2. Say bye bye to repetitive inspections –  The chain may require an initial inspection, but not more frequent than every once in awhile (yes I am being vague here – time will tell how frequent this should be). All work on the asset should be added to the blockchain. Updated roof? Add that to all of the stakeholder’s blockchains including contractor name, their insurer (and details on the insurance), photos etc. Imagine that after a severe hurricane it was found that the contractor used faulty nails to hold the roof down. With blockchain, the identity of the contractor, materials used, the contractor’s insurance in force and more are all seconds away from being retrieved.
  3. Say sayonara to certificates of insurance – It costs a ton for agencies to process them and at the end of the day, they are almost meaningless! The contractor’s blockchain will have their insurance info, prior claims, etc etc etc.
  4. Eliminating audits – Many lines of business require annual audits to review records. Payroll for workers compensations, sales, revenue, and lot items sold for product liability policies and inventory records for inland marine lines. With blockchain, this disappears. Payroll records between the insured company and the insurer can be linked via blockchain. Same with sales records and inventory quantities and values.
  5. Claims will be embedded in the blockchain of the stakeholders – no need to ask for loss runs. It’s all there. Subrogation of claims? Again, all the info is there waiting to be retrieved.

This is just scratching the surface of all of the wasted resources that we can eliminate in the insurance ecosystem. I still do not have all of the details ironed out and over time we all will find out what works, what doesn’t work, but I feel really confident that my list of 5 is the low hanging fruit.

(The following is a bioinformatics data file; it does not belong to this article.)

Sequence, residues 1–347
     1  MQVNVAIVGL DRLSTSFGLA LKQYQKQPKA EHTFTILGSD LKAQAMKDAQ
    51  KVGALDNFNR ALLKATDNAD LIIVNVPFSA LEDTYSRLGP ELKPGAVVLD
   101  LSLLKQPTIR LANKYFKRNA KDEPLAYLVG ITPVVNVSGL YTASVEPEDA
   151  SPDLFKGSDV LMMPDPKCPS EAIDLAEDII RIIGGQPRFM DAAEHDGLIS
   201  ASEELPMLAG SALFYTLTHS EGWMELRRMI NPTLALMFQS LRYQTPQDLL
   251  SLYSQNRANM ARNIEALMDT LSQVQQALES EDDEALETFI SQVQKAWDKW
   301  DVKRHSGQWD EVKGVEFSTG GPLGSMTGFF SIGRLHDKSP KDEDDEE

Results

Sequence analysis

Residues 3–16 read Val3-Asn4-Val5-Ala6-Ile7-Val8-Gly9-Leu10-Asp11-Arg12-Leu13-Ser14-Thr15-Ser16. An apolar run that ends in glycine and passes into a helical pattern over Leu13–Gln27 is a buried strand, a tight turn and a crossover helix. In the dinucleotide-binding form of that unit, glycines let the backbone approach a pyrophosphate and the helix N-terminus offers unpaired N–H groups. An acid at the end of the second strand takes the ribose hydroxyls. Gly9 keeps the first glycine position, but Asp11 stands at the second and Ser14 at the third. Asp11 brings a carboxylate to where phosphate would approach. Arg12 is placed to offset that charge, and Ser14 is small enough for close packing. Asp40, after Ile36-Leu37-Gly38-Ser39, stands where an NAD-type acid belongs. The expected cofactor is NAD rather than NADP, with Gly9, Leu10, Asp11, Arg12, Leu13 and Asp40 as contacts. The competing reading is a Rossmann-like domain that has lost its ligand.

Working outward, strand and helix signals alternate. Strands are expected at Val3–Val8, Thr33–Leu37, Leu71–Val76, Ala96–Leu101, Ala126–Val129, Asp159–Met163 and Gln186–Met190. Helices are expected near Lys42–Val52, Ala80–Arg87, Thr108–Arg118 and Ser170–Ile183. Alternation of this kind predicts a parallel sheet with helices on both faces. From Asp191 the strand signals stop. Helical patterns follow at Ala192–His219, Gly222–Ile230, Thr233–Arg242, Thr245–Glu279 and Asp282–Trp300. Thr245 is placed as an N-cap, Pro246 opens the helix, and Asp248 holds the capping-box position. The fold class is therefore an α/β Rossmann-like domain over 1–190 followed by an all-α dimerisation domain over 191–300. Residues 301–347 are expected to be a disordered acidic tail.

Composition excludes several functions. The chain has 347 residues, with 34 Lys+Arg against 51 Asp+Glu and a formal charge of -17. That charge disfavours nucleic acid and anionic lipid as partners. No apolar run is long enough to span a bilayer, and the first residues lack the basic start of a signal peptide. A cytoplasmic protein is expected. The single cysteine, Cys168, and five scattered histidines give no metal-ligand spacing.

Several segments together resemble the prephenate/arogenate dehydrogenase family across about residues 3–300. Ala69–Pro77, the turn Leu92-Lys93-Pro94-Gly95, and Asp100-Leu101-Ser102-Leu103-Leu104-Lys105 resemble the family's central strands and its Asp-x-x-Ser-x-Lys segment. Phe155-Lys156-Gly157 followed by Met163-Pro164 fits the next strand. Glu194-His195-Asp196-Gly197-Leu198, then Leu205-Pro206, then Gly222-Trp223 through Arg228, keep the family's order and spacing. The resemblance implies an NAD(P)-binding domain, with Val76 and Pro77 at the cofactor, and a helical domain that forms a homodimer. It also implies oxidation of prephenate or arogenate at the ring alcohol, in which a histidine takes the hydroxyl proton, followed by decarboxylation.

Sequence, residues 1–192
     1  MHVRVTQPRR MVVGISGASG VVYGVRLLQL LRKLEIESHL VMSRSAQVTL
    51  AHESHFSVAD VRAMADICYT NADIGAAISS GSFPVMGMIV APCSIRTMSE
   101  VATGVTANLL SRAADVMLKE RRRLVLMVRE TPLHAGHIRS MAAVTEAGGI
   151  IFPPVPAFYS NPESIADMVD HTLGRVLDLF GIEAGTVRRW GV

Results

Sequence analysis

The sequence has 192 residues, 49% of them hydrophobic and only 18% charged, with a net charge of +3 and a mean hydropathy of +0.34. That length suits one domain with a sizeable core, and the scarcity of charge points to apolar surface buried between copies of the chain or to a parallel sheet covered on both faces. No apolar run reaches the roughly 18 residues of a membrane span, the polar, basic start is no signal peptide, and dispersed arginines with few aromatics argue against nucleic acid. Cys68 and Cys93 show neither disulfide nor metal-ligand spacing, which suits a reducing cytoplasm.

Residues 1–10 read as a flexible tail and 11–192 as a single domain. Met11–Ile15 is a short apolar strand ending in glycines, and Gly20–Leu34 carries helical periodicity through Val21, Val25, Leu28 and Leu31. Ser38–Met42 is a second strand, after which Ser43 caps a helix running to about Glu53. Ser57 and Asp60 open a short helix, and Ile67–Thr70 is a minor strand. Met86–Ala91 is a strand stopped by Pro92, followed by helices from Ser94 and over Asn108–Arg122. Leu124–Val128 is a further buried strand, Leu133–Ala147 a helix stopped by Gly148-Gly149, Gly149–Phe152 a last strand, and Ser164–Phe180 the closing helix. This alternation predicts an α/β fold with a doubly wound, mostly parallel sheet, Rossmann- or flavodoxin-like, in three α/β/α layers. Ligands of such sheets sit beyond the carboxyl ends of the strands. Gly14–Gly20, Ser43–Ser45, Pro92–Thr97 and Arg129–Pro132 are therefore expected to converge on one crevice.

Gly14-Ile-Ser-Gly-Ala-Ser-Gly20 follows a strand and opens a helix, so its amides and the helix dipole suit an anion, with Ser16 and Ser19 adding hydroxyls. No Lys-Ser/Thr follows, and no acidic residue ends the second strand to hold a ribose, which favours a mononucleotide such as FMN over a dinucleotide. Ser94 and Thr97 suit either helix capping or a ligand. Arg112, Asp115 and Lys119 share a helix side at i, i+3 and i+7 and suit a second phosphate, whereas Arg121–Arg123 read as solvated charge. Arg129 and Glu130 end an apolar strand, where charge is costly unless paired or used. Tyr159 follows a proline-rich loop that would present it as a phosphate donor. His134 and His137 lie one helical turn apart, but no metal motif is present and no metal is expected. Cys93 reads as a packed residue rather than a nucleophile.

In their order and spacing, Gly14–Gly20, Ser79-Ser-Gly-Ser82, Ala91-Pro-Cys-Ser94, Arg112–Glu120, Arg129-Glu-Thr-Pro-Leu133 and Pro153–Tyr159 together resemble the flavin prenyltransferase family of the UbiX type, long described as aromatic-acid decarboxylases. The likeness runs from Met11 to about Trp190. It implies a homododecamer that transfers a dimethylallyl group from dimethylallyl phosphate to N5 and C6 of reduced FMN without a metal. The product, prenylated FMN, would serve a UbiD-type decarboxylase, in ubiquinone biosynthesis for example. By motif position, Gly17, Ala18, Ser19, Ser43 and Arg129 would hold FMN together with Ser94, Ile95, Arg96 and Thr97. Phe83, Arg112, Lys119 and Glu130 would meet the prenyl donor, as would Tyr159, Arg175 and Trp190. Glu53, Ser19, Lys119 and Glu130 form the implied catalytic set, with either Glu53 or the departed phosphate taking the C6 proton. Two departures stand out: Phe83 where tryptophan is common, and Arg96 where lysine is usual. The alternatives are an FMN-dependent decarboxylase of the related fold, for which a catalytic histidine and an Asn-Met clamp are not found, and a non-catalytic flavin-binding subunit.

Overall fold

There is actually a 6th revolutionary benefit to blockchain in insurance, and that is dealing with fraud. I will deal with that in my next article.

 

Articles on Bitcoin

What is Bitcoin?

What is Bitcoin? – CNN Money

Cryptocurrency – Wikipedia

List of Cryptocurrencies – Wikipedia

 

Insert YouTube video  https://www.youtube.com/watch?v=j7opj5-32hw

 

The Hidden Dangers of Bitcoin – insert Youtube video https://www.youtube.com/watch?v=tXBwcedQuQ0

 

About Nick Lamparelli

Nick Lamparelli is a 20+ year veteran of the insurance wars. He has a unique vantage point on the insurance industry. From selling home & auto insurance, helping companies with commercial insurance, to being an underwriter with an excess & surplus lines wholesaler to catastrophe modeling Nick has wide experience in the industry. Over past 10 years, Nick has been focused on the insurance analytics of natural catastrophes and big data. Nick serves as our Chief Evangelist.